On Grief and the Gut

In the adoption community, I’ve heard often about stomach and gut challenges related to adoption. Many adoptees deal with food hoarding, or with sensory issues around texture, or with eating disorders. Always consult a doctor or other medical professional, of course—I am neither of those.

I have though written about the gut-brain connection, and its possible link to relinquishment and adoption: The Link Among the Brain, the Gut, Adoption, and Trauma. Research increasingly shows a connection among what we have experienced, how we feel, and how we eat. Sometimes the feelings are subconscious, sometimes they are rooted in trauma, and sometimes they rise to the surface, whether on traumaverseries or seemingly without a rationale.

Here’s a good article from Time about grief and the gut: “How Grief Upsets Your Gut Health.” While the article focuses around a person whose mother died, there is a resonance with adoption, where children “lose” their mothers, sometimes by death though more often by poverty, social stigma, addiction, illness, colonialism, economic inequities, patriarchy, or other reason. In any case, it is a substantial loss. It is grief. It is real, even in the cases where children are adopted at birth. From the Time article: “It’s challenging to solely examine bereavement, because grief includes other emotions such as anger, sadness, and denial. When these feelings linger, they can contribute to mental health concerns like anxiety and depression. These conditions’ ebbs and flows have been linked to the bacteria residing in the gut.”

Disturbed gut microbiomes (the community of bacteria/microorganisms living in our gut) can result in feelings of depression, anxiety, and loneliness, as well as an overall loss of well-being. The article mentions dietary changes, probiotics, de-stressing, and breathing techniques as a few strategies to improve the “gut-brain axis.”

Food for thought.

Facebook Page of Our “Lions Roaring” Anthology by Ethiopian Adoptees

I am happy to invite you to “Like” and follow the new Facebook page for our soon-to-be published anthology, “Lions Roaring Far From Home.” The link is here. Thank you!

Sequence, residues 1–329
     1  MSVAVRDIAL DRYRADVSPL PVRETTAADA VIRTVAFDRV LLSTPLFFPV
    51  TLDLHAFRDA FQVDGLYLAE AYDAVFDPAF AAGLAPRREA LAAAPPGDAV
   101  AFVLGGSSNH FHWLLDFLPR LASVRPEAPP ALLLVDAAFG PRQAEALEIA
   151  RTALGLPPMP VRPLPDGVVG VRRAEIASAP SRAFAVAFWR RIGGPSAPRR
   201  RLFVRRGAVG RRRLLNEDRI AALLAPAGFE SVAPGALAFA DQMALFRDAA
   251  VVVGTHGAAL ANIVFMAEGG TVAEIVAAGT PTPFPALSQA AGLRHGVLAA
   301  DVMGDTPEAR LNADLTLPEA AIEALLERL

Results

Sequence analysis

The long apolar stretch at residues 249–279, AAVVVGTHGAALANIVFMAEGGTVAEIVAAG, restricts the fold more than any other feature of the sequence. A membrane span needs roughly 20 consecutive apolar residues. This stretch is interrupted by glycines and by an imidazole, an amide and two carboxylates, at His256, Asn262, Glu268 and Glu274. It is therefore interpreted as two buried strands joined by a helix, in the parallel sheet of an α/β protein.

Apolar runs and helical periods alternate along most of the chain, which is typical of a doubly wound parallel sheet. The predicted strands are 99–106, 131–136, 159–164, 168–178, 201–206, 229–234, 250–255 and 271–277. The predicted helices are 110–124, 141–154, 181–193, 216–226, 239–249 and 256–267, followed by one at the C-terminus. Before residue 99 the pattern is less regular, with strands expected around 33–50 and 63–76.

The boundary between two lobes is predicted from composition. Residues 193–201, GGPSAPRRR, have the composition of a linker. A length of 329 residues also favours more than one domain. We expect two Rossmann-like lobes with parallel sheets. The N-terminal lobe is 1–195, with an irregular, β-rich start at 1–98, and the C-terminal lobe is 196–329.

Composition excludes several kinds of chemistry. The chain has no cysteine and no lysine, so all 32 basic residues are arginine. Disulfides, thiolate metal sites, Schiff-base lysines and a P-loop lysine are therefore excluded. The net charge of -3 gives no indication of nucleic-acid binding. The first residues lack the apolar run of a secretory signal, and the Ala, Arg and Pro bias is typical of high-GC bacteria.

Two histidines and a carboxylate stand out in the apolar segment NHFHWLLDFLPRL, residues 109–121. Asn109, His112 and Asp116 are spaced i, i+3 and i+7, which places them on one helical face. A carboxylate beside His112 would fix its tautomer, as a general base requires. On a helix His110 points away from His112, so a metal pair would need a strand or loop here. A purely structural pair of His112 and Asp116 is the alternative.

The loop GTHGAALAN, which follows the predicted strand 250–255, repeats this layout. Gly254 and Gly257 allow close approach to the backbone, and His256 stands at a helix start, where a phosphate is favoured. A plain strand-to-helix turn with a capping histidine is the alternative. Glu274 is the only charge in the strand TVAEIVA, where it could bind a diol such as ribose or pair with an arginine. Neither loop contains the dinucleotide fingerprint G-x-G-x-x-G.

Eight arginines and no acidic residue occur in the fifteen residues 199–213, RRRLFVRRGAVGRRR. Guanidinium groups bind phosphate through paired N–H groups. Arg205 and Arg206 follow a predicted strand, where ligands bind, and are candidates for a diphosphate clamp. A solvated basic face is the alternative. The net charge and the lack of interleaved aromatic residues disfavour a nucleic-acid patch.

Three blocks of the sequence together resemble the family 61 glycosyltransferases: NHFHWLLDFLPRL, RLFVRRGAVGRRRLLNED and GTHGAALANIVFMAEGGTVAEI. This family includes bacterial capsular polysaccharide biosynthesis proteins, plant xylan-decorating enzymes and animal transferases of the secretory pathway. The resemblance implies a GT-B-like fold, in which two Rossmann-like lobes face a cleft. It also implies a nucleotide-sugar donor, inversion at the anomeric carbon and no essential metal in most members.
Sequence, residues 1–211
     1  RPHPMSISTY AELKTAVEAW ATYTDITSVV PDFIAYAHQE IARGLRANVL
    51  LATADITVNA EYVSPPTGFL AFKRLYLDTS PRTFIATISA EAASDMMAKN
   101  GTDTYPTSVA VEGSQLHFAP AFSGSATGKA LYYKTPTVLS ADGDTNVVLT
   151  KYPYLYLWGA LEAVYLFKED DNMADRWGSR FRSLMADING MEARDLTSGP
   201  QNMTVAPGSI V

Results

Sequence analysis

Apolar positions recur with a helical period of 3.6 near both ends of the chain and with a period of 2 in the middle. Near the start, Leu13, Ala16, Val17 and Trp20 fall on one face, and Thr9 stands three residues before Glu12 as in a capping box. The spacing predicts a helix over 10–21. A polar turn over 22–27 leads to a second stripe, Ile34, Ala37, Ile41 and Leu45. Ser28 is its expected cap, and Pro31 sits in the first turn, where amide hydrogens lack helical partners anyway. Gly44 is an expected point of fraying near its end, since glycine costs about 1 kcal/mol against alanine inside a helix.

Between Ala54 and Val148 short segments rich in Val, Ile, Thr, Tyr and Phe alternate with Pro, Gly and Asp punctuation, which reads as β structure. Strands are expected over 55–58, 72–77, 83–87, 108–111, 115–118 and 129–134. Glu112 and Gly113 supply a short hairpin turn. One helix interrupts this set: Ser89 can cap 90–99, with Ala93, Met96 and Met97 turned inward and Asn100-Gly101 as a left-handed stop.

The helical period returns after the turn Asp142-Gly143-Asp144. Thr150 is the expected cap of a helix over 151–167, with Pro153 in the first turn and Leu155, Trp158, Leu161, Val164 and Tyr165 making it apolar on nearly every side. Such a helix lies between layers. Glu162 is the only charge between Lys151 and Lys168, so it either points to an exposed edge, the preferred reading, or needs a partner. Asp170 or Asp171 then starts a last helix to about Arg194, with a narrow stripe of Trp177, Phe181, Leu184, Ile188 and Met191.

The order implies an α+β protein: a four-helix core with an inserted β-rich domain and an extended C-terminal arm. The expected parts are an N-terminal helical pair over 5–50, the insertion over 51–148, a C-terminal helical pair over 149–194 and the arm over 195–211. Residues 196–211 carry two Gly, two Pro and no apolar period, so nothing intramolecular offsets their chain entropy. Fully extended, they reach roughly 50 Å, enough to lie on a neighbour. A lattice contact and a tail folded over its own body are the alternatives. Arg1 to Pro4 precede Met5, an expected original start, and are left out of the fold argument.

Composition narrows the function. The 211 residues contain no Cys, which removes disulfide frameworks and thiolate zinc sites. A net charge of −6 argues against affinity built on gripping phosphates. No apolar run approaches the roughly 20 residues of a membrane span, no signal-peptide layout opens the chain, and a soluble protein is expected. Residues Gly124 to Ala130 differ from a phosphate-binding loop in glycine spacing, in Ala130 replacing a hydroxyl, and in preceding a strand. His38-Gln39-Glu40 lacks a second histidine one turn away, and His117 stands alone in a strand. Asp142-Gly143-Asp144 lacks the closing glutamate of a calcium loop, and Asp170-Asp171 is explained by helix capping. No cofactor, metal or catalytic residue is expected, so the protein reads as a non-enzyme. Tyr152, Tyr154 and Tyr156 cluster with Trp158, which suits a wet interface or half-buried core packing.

The anthology, the first of its kind, has essays and poems from 32 Ethiopian adoptees who are of different ages and who were raised in different countries. The cover art (shared below; reveal here) is by Ethiopian artist Nahosenay Negussie.

On the Facebook page, we will provide info about pre-order and publication as soon as it is available. We will also be posting excerpts from the book, pre-publication reviews by some amazing folks, and info about upcoming “Meet the Writers” Zooms and other events.

Thanks so much for visiting and Liking the Facebook page! Please share with others. We really appreciate the support.

An Ethiopian Adoptee Death: Heartache

Because his adoptive parents spoke publicly about his death, I am sharing the news of the March 6 passing of Mekbul Timmer, an Ethiopian adoptee. I cannot imagine the heartbreak the family is enduring, and I send the deepest of condolences.

He was adopted by Jeff and Mattie Timmer of Michigan. Jeff Timmer is a political and media consultant who works with the Lincoln Project; both Jeff and Mattie have a substantial social media presence. Jeff posted on his Twitter feed various photos and information about Mekbul, including this obituary.

The family makes no mention of suicide as a cause of death—but neither do they give any other cause. Mekbul was 18 years old, adopted from Ethiopia (per the obituary posted by Jeff Timmer) when he was 11, as best I can tell from the obituary.

Mekbul Timmer

Because the family has been so public, we will include Mekbul Timmer’s name in the Dedication of our upcoming anthology of essays by Ethiopian adoptees, “Lions Roaring Far From Home.” We are dedicating the book to all Ethiopian adoptees who have died too soon, whether by suicide or other causes. We grieve as a community.

We know also how painful and searing a death by suicide of a young person can be not only to immediate family, but also to friends. Yes, the death is painful for those left behind at any age, but teens and young adults can often struggle a great deal with confusion, grief, and even suicidal ideation themselves.

I’ve written several times about adoption and suicide. I know it is a difficult topic at best. As a society, we are not good at talking about it. The popular narrative of adoption does not allow much room for adoptees who love their adoptive families and still struggle with depression or trauma. It doesn’t allow much room for adoptees who were failed or abused by their adoptive families either, and who deal with suicidal ideation.

Last October, I facilitated a webinar via United Suicide Survivors International called “Adoption and Suicide Prevention: Adult Adoptees Speak Out.” The powerful speakers were Jessenia Parmer, Amanda Transue-Woolston, Kevin Barhydt, and Lynelle Long. You can find the video of the webinar here.

United Suicide Survivors International has many excellent webinars and resources. Another resource is the National Suicide Prevention Lifeline: 800-273-8255, available 24/7. The K-12 School Suicide Prevention info from the American Foundation for Suicide Prevention may be useful also. Check out “How to Talk About Suicide” from Indian Health Services, There are “Resources for Youth and Suicide Prevention” on the page as well.